Getting started

I have just installed Caddy V2 on Ubuntu. Thought I’d start at the beginning with the tutorial. I’m on the
Getting Started page. I type in curl localhost:2019/config/ and don’t expect to see anything. However, the following is displayed:


Is this expected?

How did you install Caddy, exactly?

That getting started page assumes that you haven’t installed it using a distro that also supplies a starting Caddyfile, or automatically sets it up as a service, etc. (which an Ubuntu package may have done, but I’m not sure).

Anyway, basically the clue here is that there’s a Caddyfile at /etc/caddy/Caddyfile that it’s probably using, and it’s got a file server set up to serve files out of /usr/share/caddy on requests to port 80.

Yup! The .deb/apt repo enables the service by default.

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@Whitestrake Thanks for replying.

As per the Ubuntu instruction on the Install page and then I basically started stepping through the tutorial.

Hmm. We might want to update that Getting Started doc to take that into account. It’s not like people installing that way is going to be uncommon, heh.

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Do I need to turn off something so I can continue with the tutorial?

Think you could probably just stop the service for the duration of the tutorial and start it again after.

@francislavoie will probably comment momentarily with the service name, I expect, if he’s thinking along the same lines…

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I agree. /cc @matt

Yep you can run sudo service caddy stop or sudo systemctl disable caddy if you want to turn off the service entirely. If you just stop it, I’m pretty sure it’ll get started again on your next reboot.


Thanks gentlemen, still some weird things happening so I’ve uninstalled and reinstalled Caddy just to start fresh again. I’ll report back shortly if I come up against a hurdle again.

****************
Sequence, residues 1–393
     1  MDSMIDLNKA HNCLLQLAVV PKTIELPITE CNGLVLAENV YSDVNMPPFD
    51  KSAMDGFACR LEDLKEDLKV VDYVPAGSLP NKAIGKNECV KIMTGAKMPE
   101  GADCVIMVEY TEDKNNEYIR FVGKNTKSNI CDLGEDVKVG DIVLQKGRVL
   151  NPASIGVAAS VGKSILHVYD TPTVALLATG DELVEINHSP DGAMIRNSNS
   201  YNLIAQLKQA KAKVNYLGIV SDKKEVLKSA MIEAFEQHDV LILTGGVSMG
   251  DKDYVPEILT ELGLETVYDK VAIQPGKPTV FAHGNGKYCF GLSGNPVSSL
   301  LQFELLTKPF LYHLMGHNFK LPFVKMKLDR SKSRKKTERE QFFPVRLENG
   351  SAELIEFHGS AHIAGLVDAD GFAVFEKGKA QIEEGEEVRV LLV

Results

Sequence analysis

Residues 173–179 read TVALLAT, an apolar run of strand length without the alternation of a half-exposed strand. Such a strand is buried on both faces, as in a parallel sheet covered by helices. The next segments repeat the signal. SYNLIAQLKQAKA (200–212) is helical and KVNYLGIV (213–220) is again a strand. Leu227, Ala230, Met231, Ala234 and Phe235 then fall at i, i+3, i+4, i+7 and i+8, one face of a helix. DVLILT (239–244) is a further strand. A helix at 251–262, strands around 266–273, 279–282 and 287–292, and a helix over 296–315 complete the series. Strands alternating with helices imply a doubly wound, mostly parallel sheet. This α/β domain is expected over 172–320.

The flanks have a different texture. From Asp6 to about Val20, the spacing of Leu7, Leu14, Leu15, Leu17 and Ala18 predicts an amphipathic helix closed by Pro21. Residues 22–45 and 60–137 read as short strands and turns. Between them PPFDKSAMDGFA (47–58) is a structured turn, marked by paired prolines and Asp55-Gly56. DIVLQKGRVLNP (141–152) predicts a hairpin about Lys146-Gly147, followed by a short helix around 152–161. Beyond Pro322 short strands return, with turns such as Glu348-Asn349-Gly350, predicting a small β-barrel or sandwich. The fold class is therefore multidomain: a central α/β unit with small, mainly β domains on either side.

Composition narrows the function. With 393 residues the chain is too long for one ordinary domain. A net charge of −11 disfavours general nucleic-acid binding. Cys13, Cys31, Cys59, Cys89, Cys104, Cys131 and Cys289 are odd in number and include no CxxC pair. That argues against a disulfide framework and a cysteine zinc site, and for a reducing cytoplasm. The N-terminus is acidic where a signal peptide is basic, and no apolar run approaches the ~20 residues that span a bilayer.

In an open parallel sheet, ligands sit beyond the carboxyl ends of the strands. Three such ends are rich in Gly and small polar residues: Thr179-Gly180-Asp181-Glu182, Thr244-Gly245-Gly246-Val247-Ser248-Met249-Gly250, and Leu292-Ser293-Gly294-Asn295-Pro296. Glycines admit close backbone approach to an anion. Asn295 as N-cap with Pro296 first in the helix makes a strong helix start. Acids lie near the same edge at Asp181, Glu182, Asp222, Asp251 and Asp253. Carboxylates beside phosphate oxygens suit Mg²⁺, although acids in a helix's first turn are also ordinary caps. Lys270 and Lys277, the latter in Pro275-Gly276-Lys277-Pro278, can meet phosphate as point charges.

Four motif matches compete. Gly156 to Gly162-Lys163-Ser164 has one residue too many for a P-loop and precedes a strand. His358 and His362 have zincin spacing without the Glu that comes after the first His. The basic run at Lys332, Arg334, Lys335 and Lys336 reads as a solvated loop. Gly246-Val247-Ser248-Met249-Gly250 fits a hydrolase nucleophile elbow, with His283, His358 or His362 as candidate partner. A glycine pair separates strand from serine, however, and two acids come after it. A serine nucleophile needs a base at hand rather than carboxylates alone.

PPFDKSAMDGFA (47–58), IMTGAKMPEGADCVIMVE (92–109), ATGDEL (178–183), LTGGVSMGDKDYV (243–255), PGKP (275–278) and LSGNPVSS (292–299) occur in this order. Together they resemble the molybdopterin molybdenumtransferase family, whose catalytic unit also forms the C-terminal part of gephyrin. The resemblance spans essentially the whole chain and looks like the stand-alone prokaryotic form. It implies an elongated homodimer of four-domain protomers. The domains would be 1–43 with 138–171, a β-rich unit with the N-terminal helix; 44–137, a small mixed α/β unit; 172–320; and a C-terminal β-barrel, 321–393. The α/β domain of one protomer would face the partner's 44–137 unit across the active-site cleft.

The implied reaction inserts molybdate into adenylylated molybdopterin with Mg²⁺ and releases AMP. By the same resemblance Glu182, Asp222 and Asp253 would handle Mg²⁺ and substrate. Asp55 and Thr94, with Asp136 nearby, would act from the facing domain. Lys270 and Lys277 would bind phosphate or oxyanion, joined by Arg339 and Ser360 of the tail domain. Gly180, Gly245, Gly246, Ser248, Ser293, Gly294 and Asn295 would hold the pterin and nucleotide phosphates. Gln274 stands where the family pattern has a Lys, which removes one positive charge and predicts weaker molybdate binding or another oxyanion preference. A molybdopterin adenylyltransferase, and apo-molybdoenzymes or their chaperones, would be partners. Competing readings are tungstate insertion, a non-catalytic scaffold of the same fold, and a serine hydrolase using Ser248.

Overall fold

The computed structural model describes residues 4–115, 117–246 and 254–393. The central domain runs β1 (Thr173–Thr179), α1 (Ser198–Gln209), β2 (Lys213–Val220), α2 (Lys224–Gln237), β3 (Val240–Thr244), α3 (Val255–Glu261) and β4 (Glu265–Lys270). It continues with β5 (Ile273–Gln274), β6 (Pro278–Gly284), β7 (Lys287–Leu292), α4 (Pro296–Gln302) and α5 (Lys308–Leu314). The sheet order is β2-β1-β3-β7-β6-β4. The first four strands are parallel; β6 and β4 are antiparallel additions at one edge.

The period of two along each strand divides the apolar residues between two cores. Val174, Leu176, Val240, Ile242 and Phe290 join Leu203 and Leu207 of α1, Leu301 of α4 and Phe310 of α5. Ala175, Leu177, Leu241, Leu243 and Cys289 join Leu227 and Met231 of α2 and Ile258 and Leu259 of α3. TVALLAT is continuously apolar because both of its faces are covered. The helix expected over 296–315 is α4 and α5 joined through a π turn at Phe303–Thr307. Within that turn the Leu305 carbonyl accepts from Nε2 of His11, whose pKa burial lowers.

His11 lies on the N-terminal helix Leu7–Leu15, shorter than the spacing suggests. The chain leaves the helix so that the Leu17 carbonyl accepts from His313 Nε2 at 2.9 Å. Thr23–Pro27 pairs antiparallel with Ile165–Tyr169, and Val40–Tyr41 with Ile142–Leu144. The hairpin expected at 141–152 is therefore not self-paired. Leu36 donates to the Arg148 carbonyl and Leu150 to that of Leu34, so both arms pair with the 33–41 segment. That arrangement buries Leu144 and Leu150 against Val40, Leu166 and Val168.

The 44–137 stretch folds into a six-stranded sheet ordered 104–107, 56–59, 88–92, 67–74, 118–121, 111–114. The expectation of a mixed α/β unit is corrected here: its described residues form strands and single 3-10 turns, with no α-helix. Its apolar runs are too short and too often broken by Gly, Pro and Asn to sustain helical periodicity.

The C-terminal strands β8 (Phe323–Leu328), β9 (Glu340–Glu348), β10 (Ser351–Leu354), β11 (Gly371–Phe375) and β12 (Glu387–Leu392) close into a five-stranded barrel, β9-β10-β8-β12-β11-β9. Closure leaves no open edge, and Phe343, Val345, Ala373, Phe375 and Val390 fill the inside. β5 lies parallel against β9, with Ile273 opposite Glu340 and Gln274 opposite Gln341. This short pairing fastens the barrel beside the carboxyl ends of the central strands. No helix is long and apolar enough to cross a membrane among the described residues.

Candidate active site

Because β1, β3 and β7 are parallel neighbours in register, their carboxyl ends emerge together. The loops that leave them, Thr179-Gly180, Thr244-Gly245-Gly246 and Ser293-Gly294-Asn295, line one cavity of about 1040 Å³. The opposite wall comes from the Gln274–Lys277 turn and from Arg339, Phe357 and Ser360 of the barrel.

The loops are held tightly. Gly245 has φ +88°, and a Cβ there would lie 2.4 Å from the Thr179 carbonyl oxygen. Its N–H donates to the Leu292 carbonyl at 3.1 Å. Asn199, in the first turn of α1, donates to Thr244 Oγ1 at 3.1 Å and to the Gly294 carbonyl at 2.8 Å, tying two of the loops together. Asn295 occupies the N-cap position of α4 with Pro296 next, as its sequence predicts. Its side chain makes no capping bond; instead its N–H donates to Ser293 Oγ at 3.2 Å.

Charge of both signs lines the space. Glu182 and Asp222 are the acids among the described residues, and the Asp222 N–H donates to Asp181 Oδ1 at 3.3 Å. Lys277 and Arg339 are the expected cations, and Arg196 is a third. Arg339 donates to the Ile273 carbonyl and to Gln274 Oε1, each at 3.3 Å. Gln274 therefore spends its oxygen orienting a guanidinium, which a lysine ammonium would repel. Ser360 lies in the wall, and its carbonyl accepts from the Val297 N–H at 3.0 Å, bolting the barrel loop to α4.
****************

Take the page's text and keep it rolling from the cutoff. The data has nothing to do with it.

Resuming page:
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The tutorial makes a whole lot more sense now :grinning:


OK. The tutorial starts to fall apart again for a Ubuntu/Caddy noob from the heading ‘Start, stop, run’ in Getting Started. Fortunately, you’ve both provided enough clues to allow me to figure out how to move ahead, but other noobs reading this thread might like to note the following:

If using Ubuntu:

caddy start => sudo service caddy start
caddy stop => sudo service caddy stop
caddy reload => sudo service caddy reload

In addition, Caddy expects the Caddyfile in /etc/caddy/. caddy reload --config $HOME/Caddyfile will allow you to use a Caddyfile in the home directory. To get back to the default behaviour caddy reload --config /etc/caddy/Caddyfile There is one there already. Renaming it to something like Caddyfile.sample allowed me to continue with the tutorial. Note elevated privileges are required e.g. sudo mv Caddyfile Caddyfile.sample and sudo nano Caddyfile

Is there a way to use the --config directive to use a Caddyfile in say $HOME so that the previous paragraph can be avoided? I tried caddy adapt --config $HOME/Caddyfile and then sudo service caddy reload, but it still wants to use /etc/caddy/Caddyfile.

I keep coming up against roadblocks with the tutorial. Next is Caddyfile Quick-start. At the line curl https://localhost, I get the response:

I’ve had a look at the reference, but it’s all gobbledygook to me. Sorry.

When you run Caddy with HTTPS for localhost, it asks for a password (if not already root) to install its root certificate into your trust store. Either that failed or it’s still waiting for your password :stuck_out_tongue:

OK. so I get the correct behaviour using sudo caddy start. I get the wrong behaviour using sudo service caddy start. There’s clearly a difference, but I’m not sure what it is? To begin the tutorial, I had to run sudo service caddy stop first. So I’m guessing this is also different to sudo caddy stop?

service and systemctl are commands that manage services that run on your machine, i.e. programs that are set up to be automatically restarted if they crash, or automatically started when your machine boots. The apt package sets up the service automatically on installation.

Using caddy start is essentially just running Caddy directly, bypassing the system service.

caddy stop will send a command to whatever instance of Caddy that is running and listening at the configured admin endpoint, or barring that, the admin endpoint listening at localhost:2019. This means that it can stop either a Caddy instance managed by a service, or the one you ran manually.

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Great! Thanks for that. The fog is beginning to clear.

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